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304 North Cardinal St.
Dorchester Center, MA 02124
In a recent study published in the Morbidity and Mortality Weekly Report, the researchers reported three monkeypox diagnoses presenting atypical rashes.
A worldwide outbreak of monkeypox that has affected over 90 nations since May 2022 has been traced to about 20,000 cases in the United States (US), mostly affecting gay, bisexual, and other males who have sex with men (MSM). A few cases of the monkeypox virus (MPXV), which transmit from person to person through close, continuous contact, have been reported in populations who are not MSM. Testing is advised for those who fit the criteria for a suspected case.
To detect orthopoxviruses from lesion specimens, the Centers for Disease Control and Prevention (CDC) has developed five real-time polymerase chain reaction (PCR) techniques. Due to the high sensitivity of these tests, false-positive results may occasionally result from the processing and/or testing of positive MPXV specimens alongside negative ones.
In this study, three individuals with atypical rashes were diagnosed with monkeypox based on false-positive test findings for late cycle threshold (Ct) values of 34 or more who had no epidemiologic association to a monkeypox case or known risk factors.
Patient A, a healthy pregnant lady, had a pruritic, erythematous rash on the patient’s arms, belly, upper back, calves, and shins when she was assessed for labor. Her lesions were not typical for monkeypox and were reported to have appeared five weeks earlier. The team noted developmental stages from normal monkeypox lesions such as crusted papules, tan papules, pustules, and hyperpigmented macules, and had irregular borders. There were no genital lesions found. She did not exhibit any of the classic monkeypox prodromal symptoms.
A family member was reported to have a rash identical to patient A’s, which appeared four days earlier in that person. No testing was conducted on that individual, and there was no evidence of an epidemiological connection to a monkeypox case. During the three weeks before the commencement of the rash, Patient A did not travel interstate or internationally.
She reported having varicella and receiving a smallpox immunization as a child. Testing was performed for syphilis, herpes simplex, cryptococcosis, and histoplasmosis, all of which yielded negative results. Furthermore, 53 days following the commencement of the rash, a pustular forearm lesion was swabbed, and the result of the nonvariola-orthopoxvirus (NVO) test was positive.
Patient A gave birth to a healthy newborn via vaginal delivery two days after the NVO test result. The infant was administered vaccinia immune globulin intravenous (VIGIV) as part of a single patient emergency Investigational New Drug application due to concerns about congenital or perinatal transmission.
Patient B was a previously healthy child who studied in elementary school. The child initially showed signs of influenza, and two days later, his face developed raised lesions. The trunk, arm, and back had lesions by the next day. Over the course of two days, the papulopustular lesions developed ulcerated and crusty. There was no evidence of an epidemiological connection to a case of monkeypox. An orthopoxvirus generic laboratory developed tests (LDT) showed positive results from a swab of a face lesion.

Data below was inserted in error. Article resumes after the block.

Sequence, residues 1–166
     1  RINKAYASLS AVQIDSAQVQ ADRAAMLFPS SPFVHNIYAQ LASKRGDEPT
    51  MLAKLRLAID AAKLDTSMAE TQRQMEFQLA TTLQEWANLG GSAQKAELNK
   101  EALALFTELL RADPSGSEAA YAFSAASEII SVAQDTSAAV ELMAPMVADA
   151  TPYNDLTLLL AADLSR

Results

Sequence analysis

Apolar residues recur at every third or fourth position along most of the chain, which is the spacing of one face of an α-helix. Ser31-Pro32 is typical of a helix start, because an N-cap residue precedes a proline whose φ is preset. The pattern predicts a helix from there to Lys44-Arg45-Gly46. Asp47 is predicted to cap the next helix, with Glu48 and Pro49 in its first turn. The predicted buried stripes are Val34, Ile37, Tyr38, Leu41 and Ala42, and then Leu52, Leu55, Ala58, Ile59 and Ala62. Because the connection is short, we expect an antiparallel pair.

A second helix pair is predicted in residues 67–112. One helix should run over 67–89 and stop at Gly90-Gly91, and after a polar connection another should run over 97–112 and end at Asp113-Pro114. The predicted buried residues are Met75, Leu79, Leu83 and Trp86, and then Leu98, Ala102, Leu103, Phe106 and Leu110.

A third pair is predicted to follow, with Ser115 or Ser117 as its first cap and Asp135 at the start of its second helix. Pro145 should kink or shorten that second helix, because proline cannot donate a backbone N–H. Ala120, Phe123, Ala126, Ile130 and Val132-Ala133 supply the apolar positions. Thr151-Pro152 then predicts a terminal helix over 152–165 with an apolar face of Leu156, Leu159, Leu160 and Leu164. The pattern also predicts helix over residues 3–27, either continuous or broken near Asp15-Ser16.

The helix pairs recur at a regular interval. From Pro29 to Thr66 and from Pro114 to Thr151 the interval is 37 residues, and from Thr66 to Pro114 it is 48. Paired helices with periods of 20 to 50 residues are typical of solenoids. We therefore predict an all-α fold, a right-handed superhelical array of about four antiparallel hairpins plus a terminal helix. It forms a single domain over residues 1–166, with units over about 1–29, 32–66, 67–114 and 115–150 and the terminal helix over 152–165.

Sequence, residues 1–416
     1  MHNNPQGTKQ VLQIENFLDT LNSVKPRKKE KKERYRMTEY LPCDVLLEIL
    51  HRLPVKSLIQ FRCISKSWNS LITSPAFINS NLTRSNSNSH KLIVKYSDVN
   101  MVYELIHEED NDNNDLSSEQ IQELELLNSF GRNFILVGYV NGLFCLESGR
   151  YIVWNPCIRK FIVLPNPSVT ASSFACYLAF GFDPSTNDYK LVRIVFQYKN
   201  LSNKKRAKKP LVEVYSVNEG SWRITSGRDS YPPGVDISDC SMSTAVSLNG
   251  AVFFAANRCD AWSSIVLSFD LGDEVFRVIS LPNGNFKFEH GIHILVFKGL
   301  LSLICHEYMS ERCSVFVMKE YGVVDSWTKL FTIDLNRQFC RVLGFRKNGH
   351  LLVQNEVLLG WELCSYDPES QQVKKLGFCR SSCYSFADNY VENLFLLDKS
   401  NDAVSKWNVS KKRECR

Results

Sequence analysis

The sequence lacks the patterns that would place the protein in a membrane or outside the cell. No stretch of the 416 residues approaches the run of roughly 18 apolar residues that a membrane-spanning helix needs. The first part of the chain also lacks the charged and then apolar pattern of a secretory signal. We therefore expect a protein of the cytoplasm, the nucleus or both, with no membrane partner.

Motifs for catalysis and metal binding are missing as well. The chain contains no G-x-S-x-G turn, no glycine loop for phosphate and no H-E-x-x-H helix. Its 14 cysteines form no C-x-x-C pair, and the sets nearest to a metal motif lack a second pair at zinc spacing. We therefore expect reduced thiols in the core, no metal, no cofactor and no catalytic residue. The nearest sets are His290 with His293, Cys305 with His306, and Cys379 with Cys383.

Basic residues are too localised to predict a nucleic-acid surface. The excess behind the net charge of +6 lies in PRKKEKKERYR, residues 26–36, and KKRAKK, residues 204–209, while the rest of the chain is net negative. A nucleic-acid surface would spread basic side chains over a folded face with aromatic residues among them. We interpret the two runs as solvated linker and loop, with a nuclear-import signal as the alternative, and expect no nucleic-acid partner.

Patient B was treated with tecovirimat because of periorbital lesions, probable ocular autoinoculation, and the potential onset of a disease that could cause blindness. The child had practiced a contact sport when the rash first appeared and shared a home with four other people. He was released from isolation when a second test on the original samples led to a negative result. The results of the enterovirus PCR test pointed to a diagnosis of hand, foot, and mouth disease.
Patient C was an infant who spent about a month in the US with both parents before going on a vacation with four other families to another nation. The patient suffered diarrhea and lymphadenopathy during that journey. Additionally, two days after returning to the US, the child displayed a fever and a rash. The maculopapular and vesicular rash initially appeared on the arms and legs and spread to the chest, earlobe, lower abdomen, and scalp. Subsequently, the rash scabbed over two weeks later. After NVO and an orthopoxvirus generic LDTs, one abdominal lesion tested positive, while two additional lesions tested negative.
Seven children and 12 adults received postexposure prophylaxis (PEP) alongside the JYNNEOS vaccine. Anti-orthopoxvirus antibodies were not found in the serum obtained from two of the adults and four of the children between three and 31 days after the rash was first observed.
To summarize, the present study evaluated three patients with atypical rashes for monkeypox. It highlighted the need for caution when interpreting results from a single laboratory test in patients with a low pretest probability of infection. These patients included those with no epidemiologic link, belonged to non-MSM populations such as women and children, and had symptoms or rash progression inconsistent with monkeypox diagnosis.